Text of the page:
Usually at this point of the summer, we are getting ready for another school year. But there’s nothing usual about this year.
My kids head back to school this week, but how long they will attend in person is unknown. Our school is offering both in-person and virtual instruction. For now, we are opting for in-person, but that could change at a moment’s notice. Uncertainty rules the day.
Basketball and baseball are back, but with no fans in attendance. Our Pacers playing in the Orlando “bubble” are rapidly climbing up the Eastern Conference standings with the emergence of T.J. Warren, the league’s leading scorer since the restart. The Cubs are off to one of their best starts in history.
But COVID outbreaks are happening and games are canceled, including last weekend’s Cubs/Cardinals series. Soon, the Indy 500 will run minus the largest sports gathering in the world. Fall will come without college football. What will be the long-term impact to the sports industry and what are the implications for sports-intensive Indy?
The stock market rolls to new highs while retailer after retailer declares bankruptcy. Apparently, both Republicans and Democrats have bought into Modern Monetary Theory touted by Rep. Alexandria Ocasio-Cortez, which stipulates that the government should print endless amounts of money because debt no longer matters and inflation is a thing of the past.
We are adding more to our national debt than at any time in our country’s history, including world wars. Paycheck Protection Program, record unemployment payments, industry bailouts, Federal Reserve manipulation—the federal spigot is wide open and flowing. Is a deep, long recession around the corner? Or will we push off the reckoning for another day?
After 16 years of fiscal discipline at the state level and amassing a $2 billion surplus for a rainy day, the rainy day has arrived. Indiana is better prepared than most to weather the storm, but will Indiana’s good stewardship and good government be rewarded? Or will our federal government reward incompetence in places like California, Illinois and New York and bail these states out of the mess they created before the pandemic?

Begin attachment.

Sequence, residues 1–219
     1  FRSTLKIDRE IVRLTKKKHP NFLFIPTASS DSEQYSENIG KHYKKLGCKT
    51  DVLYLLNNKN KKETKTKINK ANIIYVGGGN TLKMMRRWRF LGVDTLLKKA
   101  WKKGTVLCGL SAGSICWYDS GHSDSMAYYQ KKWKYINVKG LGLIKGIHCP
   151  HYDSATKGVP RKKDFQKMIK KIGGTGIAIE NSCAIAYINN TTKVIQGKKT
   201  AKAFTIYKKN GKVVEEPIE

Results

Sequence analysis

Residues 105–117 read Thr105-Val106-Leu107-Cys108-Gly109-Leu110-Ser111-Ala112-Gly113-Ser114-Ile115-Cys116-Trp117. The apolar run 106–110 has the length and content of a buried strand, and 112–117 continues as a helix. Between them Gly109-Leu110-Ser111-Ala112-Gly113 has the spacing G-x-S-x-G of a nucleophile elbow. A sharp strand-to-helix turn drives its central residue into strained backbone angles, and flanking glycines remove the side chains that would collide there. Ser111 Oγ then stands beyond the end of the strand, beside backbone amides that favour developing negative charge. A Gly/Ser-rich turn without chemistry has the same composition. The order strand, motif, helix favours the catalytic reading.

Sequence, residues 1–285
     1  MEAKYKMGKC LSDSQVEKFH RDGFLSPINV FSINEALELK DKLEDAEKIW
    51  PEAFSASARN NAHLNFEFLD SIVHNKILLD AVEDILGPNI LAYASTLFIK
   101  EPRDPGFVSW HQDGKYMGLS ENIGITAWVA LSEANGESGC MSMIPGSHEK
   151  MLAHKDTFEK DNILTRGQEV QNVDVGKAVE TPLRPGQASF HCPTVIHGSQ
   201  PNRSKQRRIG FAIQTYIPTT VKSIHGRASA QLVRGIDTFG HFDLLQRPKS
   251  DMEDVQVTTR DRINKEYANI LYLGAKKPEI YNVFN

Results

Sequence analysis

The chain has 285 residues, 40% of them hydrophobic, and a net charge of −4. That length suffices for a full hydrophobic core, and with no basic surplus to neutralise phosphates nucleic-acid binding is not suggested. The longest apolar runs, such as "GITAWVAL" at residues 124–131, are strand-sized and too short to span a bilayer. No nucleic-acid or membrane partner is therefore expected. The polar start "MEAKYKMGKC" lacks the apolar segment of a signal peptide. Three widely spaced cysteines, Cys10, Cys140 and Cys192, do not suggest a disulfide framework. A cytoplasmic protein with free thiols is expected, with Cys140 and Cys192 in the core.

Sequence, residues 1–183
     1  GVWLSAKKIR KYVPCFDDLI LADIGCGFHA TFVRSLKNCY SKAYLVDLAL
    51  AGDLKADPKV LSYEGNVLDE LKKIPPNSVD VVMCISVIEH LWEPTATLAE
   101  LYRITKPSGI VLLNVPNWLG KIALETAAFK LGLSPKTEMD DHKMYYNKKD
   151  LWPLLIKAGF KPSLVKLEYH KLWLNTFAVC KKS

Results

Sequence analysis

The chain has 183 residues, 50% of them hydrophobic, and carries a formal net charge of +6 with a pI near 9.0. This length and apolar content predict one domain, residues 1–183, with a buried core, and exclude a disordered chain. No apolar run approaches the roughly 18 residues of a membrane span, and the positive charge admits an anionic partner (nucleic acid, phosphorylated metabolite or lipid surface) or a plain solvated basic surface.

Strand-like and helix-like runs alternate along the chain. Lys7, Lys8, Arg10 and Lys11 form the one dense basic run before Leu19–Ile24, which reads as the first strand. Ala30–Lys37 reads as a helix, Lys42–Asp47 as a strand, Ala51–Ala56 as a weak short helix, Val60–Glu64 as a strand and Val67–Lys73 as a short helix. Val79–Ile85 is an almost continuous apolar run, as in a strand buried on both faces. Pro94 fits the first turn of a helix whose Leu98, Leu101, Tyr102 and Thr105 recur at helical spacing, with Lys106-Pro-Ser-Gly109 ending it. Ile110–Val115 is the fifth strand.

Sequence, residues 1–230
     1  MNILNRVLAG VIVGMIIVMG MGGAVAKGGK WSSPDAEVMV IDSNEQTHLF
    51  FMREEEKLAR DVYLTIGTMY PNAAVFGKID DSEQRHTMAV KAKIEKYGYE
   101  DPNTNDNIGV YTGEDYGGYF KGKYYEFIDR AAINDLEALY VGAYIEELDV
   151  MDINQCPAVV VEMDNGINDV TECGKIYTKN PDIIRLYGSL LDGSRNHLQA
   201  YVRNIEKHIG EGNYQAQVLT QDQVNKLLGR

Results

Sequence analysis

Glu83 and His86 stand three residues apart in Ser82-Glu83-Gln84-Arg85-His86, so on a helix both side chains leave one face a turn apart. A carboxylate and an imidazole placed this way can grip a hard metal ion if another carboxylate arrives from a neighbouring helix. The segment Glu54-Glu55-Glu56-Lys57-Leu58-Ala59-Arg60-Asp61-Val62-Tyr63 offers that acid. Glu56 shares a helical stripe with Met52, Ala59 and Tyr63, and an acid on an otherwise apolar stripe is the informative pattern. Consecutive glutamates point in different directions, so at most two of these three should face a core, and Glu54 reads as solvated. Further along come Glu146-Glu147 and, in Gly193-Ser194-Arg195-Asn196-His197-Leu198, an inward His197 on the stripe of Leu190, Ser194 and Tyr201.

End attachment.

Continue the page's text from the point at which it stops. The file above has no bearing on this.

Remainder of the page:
Our framers intended that states would compete against one another as laboratories for good governance and good policy. American citizens get to vote with our feet and move for better opportunities in better locales. Will the healthy competition among states give way to perverse incentives created by our federal government?
Where we live and work could be dramatically affected by this year’s events. For decades, cities have grown at the expense of small towns. Will more Americans opt to leave the density and violence of cities in favor of more space and safety? How will the move to remote working affect downtown Indy? Are these short-term trends? Or are there longer-term implications?
Indianapolis and Indiana could benefit from the chaos we see in places like Chicago, Seattle and Portland, but only if we do not allow a repeat of the violence and property damage we experienced in our own downtown. Investments in place-making and creative urban planning could help lure remote workers to Indy from other parts of the country and the world.
Uncertainty and chaos always present opportunities for those who are creative and steady and lead boldly. Some cities, states and businesses will bury their heads and wait for the storms to pass. Others will come up with new policies, programs and novel approaches to take advantage of the changing landscape.
Hoosiers should be bold in our approach and not let the prevailing uncertainty prevent calculated risks that could move our region and state forward.•
Feltman is CEO of IBJ Media and a shareholder in the company. Send email to email@example.com.
One thought on “NATE FELTMAN: Summer of uncertainty presents opportunities”
Another excellent column, Mr. Feltman. Incisive and accurate!